Bosnia made scant progress on its EU path as its politicians have little interest in furthering the rule of law or transparency, analysts say, after Brussels delivered its critical report.Laws on the Census and on State Aid were the only significant legislative moves that Bosnia made over the last year in respect to its EU obligations, Tija Memisevic, of the European Research Center Sarajevo, said.
She referred to the Census Law adopted in February, which set the basis for the first census in Bosnia and Herzegovina since 1991 – the first, therefore, since the 1992-5 conflict.
The State Aid Law regulated the conditions for assigning, controling and implementing budget money, as well as for returning misused budget funds.
“As nothing else was done on the EU integration agenda,” Memisevic said, “it was to be expected that the Progress Report would be negative.”
Memisevic added that Bosnian politicians did little more than distract the public from the core problems with prolonged arguments over the formation of a new government.
“The parties in Bosnia are not in general dedicated to the EU integration process and they do not have an interest in progress in that way,” she continued.
“The reason is that progress in EU integration means the rule of law and increased transparency and responsibility,” Memisevic stated.
In its 2012 Progress Report, published on Wednesday, Brussels said that only limited progress had been made towards meeting the political criteria needed for membership and achieving more functional, coordinated and sustainable institutional structures.
Within the framework of the Stabilisation and Association Process, Bosnia continued to engage constructively with the EU on a Structured Dialogue on justice.
The high-level “Dialogue on the Accession Process”, launched in June, is the key forum for engagement on requirements for the EU integration process. In this respect, the Commission voiced regret that the results so far were below expectations.
Bosnia’s Directorate for European Integration, DEI, said in a press release on October 10 that the Progress Report had restated what was already known – that political consensus was lacking on issues concerning integration.
“At the end of June a high-level dialogue was started with Bosnia…related to that an efficient coordination mechanism is a priority, which would allow the country to speak with one voice with the EU,” the DEI noted.
The DEI recalled the positive moves over the adoption of the two mentioned laws.
But it added that bigger issues remained to be solved, such as implementation of the European Court of Human Rights’ 2009 Sejdic-Finci ruling.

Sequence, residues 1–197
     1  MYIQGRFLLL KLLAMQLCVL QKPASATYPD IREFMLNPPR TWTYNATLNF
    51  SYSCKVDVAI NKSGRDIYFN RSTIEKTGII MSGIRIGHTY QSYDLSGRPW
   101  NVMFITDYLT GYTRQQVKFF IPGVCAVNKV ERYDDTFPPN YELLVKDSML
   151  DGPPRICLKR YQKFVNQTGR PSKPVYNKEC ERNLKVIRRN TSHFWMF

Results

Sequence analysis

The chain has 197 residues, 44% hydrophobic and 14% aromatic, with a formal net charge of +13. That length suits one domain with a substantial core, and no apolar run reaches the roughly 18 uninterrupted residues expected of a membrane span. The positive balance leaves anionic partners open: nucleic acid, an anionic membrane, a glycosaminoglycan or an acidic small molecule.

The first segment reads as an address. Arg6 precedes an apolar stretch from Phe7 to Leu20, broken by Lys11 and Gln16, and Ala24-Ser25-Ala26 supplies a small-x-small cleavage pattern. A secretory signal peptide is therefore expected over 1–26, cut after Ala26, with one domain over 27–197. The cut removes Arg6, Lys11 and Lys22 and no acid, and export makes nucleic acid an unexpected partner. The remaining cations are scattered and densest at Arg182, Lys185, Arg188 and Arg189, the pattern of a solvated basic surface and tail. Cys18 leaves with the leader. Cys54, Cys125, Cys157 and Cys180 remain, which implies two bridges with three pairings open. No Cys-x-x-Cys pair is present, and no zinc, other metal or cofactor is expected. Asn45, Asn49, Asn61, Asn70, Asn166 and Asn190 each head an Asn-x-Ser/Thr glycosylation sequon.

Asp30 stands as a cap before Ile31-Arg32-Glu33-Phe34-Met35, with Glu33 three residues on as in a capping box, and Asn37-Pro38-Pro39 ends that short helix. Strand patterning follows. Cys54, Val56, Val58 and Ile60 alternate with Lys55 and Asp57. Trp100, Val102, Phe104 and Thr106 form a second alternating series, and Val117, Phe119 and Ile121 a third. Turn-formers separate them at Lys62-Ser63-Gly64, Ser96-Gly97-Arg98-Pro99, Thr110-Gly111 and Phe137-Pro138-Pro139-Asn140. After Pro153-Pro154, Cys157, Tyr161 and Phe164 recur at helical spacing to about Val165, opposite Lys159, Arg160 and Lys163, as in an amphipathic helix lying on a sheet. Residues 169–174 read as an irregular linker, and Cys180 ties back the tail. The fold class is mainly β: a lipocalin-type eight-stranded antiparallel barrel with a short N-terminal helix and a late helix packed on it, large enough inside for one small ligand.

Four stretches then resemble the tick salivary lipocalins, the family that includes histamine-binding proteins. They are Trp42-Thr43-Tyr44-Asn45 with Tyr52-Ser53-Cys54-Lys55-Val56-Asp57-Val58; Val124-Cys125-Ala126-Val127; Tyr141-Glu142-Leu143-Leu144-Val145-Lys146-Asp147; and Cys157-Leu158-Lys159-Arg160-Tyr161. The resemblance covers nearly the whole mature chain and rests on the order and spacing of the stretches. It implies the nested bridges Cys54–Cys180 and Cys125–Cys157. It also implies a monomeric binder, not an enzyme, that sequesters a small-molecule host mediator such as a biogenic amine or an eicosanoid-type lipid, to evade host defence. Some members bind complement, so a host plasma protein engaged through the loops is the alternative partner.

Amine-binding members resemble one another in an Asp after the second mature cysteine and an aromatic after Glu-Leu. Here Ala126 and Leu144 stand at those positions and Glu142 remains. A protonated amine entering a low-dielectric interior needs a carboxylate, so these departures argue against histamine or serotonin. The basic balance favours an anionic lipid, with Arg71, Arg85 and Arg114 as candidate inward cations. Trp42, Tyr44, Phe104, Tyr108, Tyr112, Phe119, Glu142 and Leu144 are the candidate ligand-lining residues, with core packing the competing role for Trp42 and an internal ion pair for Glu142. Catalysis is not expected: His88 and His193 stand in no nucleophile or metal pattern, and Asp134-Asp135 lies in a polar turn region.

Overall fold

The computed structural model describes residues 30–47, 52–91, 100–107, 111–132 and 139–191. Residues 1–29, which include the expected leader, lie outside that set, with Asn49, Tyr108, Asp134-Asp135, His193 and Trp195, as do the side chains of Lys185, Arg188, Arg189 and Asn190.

This urged Bosnia to change its constitution in order to allow ethnic minorities to run for top posts currently reserved to representatives of the three largest ethnic groups, Bosniaks [Muslims], Serbs and Croats.
The Progress Report also said that meeting the conditions for the entry into force of the SAA and for a credible EU membership application remained a matter of priority, as did the establishment of an effective coordination mechanism between various levels of government.
The Report continued that political leaders needed to demonstrate greater political will to reach consensus and to realise with concrete actions the EU aspirations of the country.
Memisevic said that the EU should return to the mechanism of setting firm conditions, not just sending messages that politicians should strive for compromise.
“Compromises and political deals are not necessary, but the strict adoption and the use of European standards and regulations…if you want to be an EU member,” she added.
“Political ‘deals’ are being used to prolong the process of EU integration,” Memisevic told Balkan Insight.
A Banja Luka professor of EU subjects, Milos Solaja, told Balkan Insight that Bosnian politicians only formally accepted their EU obligations but did not really work according to them.
“Some political parties… are using them only to implement what they’ve decided at their meetings,” Sojala said, referring to regular meetings of the six ruling parties.
Solaja said if Bosnia failed to work on changes, the EU should remain only formally present in the country while waiting for the local authorities to agree on concrete reforms.
“All of those Bosnian politicians who were in Brussels on June 27 promised changes to [Enlargement Commissioner] Stefan Fule’s face, but nothing happened,” he noted.
Bosnia’s branch of the watchdog organisation Transparency International said in a press release that the Progress Report showed that Bosnia lagged behind in curbing corruption, merely repeating the same pledges year after year.
“We hope that this report will finally be used as a message to Bosnian leaders that their frivolous attitude to combatting corruption cannot lead Bosnia into EU membership,” Transparency International said.
“Proof of that are the countries of the region which did not get candidate status until they started anti-corruption measures,” it added.